skip to main content

Title: CLUMPY GALAXIES IN CANDELS. I. THE DEFINITION OF UV CLUMPS AND THE FRACTION OF CLUMPY GALAXIES AT 0.5 < z < 3

Although giant clumps of stars are thought to be crucial to galaxy formation and evolution, the most basic demographics of clumps are still uncertain, mainly because the definition of clumps has not been thoroughly discussed. In this paper, we carry out a study of the basic demographics of clumps in star-forming galaxies at 0.5 < z < 3, using our proposed physical definition that UV-bright clumps are discrete star-forming regions that individually contribute more than 8% of the rest-frame UV light of their galaxies. Clumps defined this way are significantly brighter than the H II regions of nearby large spiral galaxies, either individually or blended, when physical spatial resolution and cosmological dimming are considered. Under this definition, we measure the fraction of star-forming galaxies that have at least one off-center clump (f {sub clumpy}) and the contributions of clumps to the rest-frame UV light and star formation rate (SFR) of star-forming galaxies in the CANDELS/GOODS-S and UDS fields, where our mass-complete sample consists of 3239 galaxies with axial ratio q > 0.5. The redshift evolution of f {sub clumpy} changes with the stellar mass (M {sub *}) of the galaxies. Low-mass (log (M {sub *}/M {sub ☉}) < 9.8) galaxies keepmore » an almost constant f {sub clumpy} of ∼60% from z ∼ 3 to z ∼ 0.5. Intermediate-mass and massive galaxies drop their f {sub clumpy} from 55% at z ∼ 3 to 40% and 15%, respectively, at z ∼ 0.5. We find that (1) the trend of disk stabilization predicted by violent disk instability matches the f {sub clumpy} trend of massive galaxies; (2) minor mergers are a viable explanation of the f {sub clumpy} trend of intermediate-mass galaxies at z < 1.5, given a realistic observability timescale; and (3) major mergers are unlikely responsible for the f {sub clumpy} trend in all masses at z < 1.5. The clump contribution to the rest-frame UV light of star-forming galaxies shows a broad peak around galaxies with log (M {sub *}/M {sub ☉}) ∼ 10.5 at all redshifts. The clump contribution in the intermediate-mass and massive galaxies is possibly linked to the molecular gas fraction of the galaxies. The clump contribution to the SFR of star-forming galaxies, generally around 4%-10%, also shows dependence on the galaxy M {sub *}, but for a given galaxy M {sub *}, its dependence on the redshift is mild.« less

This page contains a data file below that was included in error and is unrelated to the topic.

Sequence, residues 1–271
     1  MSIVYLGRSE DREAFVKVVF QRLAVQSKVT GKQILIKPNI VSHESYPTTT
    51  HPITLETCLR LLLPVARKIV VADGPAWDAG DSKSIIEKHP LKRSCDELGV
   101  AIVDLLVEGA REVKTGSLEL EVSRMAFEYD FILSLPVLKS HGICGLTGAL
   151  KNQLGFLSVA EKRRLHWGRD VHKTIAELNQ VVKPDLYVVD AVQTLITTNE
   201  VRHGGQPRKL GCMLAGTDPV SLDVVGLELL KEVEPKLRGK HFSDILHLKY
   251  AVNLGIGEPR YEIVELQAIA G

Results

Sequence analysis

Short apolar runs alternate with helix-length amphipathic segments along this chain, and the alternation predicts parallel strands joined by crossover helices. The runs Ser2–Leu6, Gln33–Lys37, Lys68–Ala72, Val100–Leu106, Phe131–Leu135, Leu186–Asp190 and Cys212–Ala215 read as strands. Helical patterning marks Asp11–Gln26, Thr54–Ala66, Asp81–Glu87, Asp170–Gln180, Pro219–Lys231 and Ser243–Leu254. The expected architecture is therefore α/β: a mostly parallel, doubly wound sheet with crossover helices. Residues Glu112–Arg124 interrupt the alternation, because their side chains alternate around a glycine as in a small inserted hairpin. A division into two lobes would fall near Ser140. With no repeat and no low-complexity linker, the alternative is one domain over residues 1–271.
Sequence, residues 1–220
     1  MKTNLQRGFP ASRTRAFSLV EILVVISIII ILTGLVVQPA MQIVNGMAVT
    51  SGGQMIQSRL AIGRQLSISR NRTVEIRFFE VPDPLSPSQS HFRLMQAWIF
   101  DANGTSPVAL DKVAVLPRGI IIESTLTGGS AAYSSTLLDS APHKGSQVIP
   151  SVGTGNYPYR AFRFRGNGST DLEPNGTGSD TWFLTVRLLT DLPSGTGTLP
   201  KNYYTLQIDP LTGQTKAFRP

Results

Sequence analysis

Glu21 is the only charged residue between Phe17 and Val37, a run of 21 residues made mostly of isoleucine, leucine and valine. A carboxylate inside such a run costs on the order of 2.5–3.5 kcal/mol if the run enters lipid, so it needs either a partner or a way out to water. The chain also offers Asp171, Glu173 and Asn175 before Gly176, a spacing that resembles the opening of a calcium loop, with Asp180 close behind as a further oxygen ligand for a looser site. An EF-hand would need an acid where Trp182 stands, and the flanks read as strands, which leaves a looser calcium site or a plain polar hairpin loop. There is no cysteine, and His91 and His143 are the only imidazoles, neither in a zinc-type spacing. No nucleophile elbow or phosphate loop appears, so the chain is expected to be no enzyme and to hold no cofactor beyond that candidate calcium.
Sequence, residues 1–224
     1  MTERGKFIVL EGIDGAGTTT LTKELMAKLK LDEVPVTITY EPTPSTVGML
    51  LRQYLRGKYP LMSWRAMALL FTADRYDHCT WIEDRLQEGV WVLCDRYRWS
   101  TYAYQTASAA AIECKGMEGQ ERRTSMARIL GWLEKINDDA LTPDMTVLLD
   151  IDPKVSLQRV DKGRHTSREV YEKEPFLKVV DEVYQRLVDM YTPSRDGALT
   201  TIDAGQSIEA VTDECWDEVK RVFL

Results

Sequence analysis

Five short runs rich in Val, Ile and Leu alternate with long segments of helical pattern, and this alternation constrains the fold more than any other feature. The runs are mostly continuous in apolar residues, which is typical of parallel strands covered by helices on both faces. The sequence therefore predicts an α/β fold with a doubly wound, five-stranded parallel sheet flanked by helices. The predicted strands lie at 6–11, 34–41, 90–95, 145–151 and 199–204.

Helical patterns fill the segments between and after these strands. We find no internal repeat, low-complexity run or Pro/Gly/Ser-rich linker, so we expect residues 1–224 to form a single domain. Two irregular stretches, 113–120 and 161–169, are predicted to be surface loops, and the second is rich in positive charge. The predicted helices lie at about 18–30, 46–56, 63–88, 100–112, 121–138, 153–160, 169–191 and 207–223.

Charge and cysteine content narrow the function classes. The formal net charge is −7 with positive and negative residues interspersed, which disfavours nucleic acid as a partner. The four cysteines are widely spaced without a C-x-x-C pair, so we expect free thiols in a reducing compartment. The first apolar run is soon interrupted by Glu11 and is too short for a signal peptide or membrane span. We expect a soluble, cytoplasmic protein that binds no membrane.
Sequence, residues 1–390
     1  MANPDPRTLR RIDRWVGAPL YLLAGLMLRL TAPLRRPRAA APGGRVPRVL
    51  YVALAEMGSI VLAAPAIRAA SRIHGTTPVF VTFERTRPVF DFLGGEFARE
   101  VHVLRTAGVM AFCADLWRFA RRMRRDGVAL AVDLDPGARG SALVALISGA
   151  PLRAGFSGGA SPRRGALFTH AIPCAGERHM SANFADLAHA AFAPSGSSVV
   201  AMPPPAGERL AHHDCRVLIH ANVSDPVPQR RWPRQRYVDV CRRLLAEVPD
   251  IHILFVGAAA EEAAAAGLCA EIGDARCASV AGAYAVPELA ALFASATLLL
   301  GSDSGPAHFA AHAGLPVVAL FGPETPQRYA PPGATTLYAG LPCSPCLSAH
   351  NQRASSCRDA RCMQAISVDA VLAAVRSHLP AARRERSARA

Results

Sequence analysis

Authors:
; ; ; ;  [1] ; ; ; ; ; ;  [2] ;  [3] ;  [4] ;  [5] ;  [6] ; ;  [7] ;  [8] ;  [9] ;  [10] more »; « less
  1. UCO/Lick Observatory, Department of Astronomy and Astrophysics, University of California, Santa Cruz, CA (United States)
  2. Space Telescope Science Institute, Baltimore, MD (United States)
  3. Department of Astronomy, University of Michigan, Ann Arbor, MI (United States)
  4. School of Physics and Astronomy, University of Nottingham, University Park, Nottingham NG7 2RD (United Kingdom)
  5. Department of Astronomy, University of Massachusetts, Amherst, MA (United States)
  6. Kavli Institute for Particle Astrophysics and Cosmology, Stanford, CA (United States)
  7. Center for Astrophysics and Planetary Science, Racah Institute of Physics, The Hebrew University, Jerusalem 91904 Israel (Israel)
  8. Department of Physics and Astronomy, University of Missouri-Kansas City, Kansas City, MO (United States)
  9. Department of Physics, University of California, Santa Cruz, CA (United States)
  10. Departamento de Física Teórica, Universidad Autónoma de Madrid, E-28049 Madrid (Spain)
Publication Date:
OSTI Identifier:
22364226
Resource Type:
Journal Article
Resource Relation:
Journal Name: Astrophysical Journal; Journal Volume: 800; Journal Issue: 1; Other Information: Country of input: International Atomic Energy Agency (IAEA)
Country of Publication:
United States
Language:
English
Subject:
79 ASTROPHYSICS, COSMOLOGY AND ASTRONOMY; AXIAL RATIO; GALAXIES; MASS; RED SHIFT; SPATIAL RESOLUTION; STABILIZATION; STAR CLUSTERS; STAR EVOLUTION; STARS; ULTRAVIOLET RADIATION